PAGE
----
So where did this ability to read minds come from? We’ve never seen it before, though I admit it’s plausible given the Doctor’s limited use of telepathy in the past. Susan displayed some talent for telepathy, the Master was able to hypnotize rather easily, and Time Lords are supposed to enjoy telepathy among themselves, so it’s not inconceivable that the Doctor suddenly has the ability to mind-meld with a human. It’s just highly convenient as a plot device.

It’s so highly convenient that I’m tempted to be really irritated at the sudden appearance of the Doctor’s new ability, but I’ll let it go. Convenient or not, it’s certainly a shortcut around the time limitations of the episode and suddenly the Doctor and Reinette are intimately acquainted. Just how intimately acquainted depends on whether the ‘dance’ metaphor from last season still refers to sex and whether the Doctor went along for the ride. You can read it either way. If you like the Doctor as a cosmic Casanova who beds attractive women he barely knows while he’s supposed to be in love with Rose, you can read events one way. If you prefer a more virtuous Time Lord, you can go that route, despite the obvious intent of the author.

During the final encounter with the robots, the dramatic entrance of the Doctor as a heroic ‘knight on a white stallion” is entirely in keeping with the self-sacrificial nature of the character, though his abandonment of Mickey and Rose is hard to explain. He saves Reinette’s life, but (as far as he knows) strands himself in 17th century France, and strands his traveling companions in a 51st century spaceship with no means of returning home. When he asks Rose, “how long did you wait?” it doesn’t really make sense. Neither she nor Mickey can fly the TARDIS, and the Doctor is surely aware of that. What else could they do but wait? Perhaps it’s just a case of the Doctor trying to save face and mend hurt feelings.

Moving right along, there’s a lot less to say about the clockwork robots, proving yet again that this series of Doctor Who frequently puts character above plot, which is detrimental to the story far too often. Plot holes are papered over with sentiment while the writer hopes the audience won’t notice or won’t care. Sometimes it works, and sometimes it doesn’t. I think that the attempt is successful in “The Girl in the Fireplace”, though in all honestly I must confess that the story is crazy. As a means of tying the spacecraft and France together, we have repair robots who create time windows and travel back in time to find the person their ship is named after, so that they can use her brain to repair the main computer, but only when she’s the same age as the spaceship. It’s so off-the-wall and creative that I’m willing to enjoy the idea tremendously and buy right into the premise.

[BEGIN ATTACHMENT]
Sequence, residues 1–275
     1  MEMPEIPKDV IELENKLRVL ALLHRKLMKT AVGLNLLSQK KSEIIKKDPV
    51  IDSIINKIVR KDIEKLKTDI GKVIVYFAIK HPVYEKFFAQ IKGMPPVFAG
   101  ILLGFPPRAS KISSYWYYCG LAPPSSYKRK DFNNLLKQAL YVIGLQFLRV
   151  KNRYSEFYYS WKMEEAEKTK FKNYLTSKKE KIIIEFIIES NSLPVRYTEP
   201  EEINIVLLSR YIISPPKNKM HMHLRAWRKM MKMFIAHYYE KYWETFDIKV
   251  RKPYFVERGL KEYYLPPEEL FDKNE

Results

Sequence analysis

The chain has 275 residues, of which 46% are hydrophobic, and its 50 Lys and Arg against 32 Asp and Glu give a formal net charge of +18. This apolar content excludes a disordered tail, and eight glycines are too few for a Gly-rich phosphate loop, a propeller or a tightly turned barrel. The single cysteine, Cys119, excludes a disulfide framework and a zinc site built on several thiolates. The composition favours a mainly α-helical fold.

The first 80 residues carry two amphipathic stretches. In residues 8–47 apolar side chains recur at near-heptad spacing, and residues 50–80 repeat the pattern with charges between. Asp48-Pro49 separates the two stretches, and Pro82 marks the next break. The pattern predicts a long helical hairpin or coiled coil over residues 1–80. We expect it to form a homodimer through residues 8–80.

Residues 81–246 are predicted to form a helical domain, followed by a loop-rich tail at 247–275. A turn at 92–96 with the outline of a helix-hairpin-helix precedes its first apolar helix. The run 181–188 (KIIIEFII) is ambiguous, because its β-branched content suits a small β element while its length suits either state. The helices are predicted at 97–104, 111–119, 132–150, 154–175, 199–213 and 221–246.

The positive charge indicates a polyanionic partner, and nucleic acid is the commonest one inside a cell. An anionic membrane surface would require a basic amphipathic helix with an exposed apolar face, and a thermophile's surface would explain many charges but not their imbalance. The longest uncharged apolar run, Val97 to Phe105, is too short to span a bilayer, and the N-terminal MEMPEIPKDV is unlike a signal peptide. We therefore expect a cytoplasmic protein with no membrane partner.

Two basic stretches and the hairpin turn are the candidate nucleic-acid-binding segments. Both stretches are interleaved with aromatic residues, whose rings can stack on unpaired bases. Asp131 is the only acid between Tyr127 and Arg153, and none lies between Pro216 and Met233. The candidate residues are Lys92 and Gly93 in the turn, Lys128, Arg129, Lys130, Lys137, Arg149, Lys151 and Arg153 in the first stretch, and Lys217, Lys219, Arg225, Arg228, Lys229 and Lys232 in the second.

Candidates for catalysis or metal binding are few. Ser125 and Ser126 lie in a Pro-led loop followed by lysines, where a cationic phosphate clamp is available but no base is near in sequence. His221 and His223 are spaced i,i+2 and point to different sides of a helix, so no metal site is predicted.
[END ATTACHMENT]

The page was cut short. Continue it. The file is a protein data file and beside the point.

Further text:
The robots themselves are inventive, from their mannequin-like period dress and masks, to the clockwork-filled clear heads underneath. Having the first one that we encounter hiding under a child’s bed is just a wonderful conceit.

I have to address the issue of ‘self-awareness’ in the new series of Doctor Who. I would define this as actions or dialog which pulls me out of the story and reminds me that yes, I am watching a TV program. This is frequently a failing of Russel Davies scripts, but it crops up here as well. “The Doctor and the monsters,” Reinette says at one point. “It seems you cannot have one without the other.” And with that meta-textual line my suspension of disbelief is shattered and I’m thinking about Doctor Who the program rather than remaining engaged in the story. Any time that someone says “Doctor Who?” it does the same thing. And it’s very annoying.

There are other things to like about this story apart from the Doctor/Reinette relationship and the robots. It’s Mickey’s first trip in the TARDIS, and his enthusiasm is wonderful to watch. The fact that he and Rose get along with no hint of Rose’s usual jealous streak is a breath of fresh air. I’m sick of Rose’s jealously and tired of the character for that matter. It just seems like her story was told last year, and there’s not really anything new to say about her. It’s a lot like Charley Pollard, whose story came to a good conclusion in “Neverland” and then the character seemed to stagnate. Rose has been irritating in “New Earth”, “Tooth and Claw”, and especially in “School Reunion” where the claws came out with Sarah Jane. She’s much better here, and I hope continues to do well in future. As of this writing I haven’t seen any stories beyond “The Girl in the Fireplace”, so I don’t know how the character develops over the remainder of the season.

Some of the dialog is almost poetic. References to “The slow path” to describe linear time, or Reinette’s phrase “In your world there are rooms where the days of my life are pressed together like the pages of a book” are wonderful to hear.

Overall, the story has an appeal that transcends the crazy premise, but it never lives up to the billing as ‘a love story for the Doctor’. But it is inventive, it’s different and it’s sincere, which sets it apart and elevates it above much of the new series. It’s well worth the time to watch it.





New EarthBookmark and Share

Tuesday, 17 October 2006 - Reviewed by Jordan Wilson

“Oh my God! I’m a chav!”

Notes: Unless intuitively obvious or otherwise noted, what follows is opinion; as the ‘in my humble opinion…’ tag rapidly grows tedious. Some spoilers follow.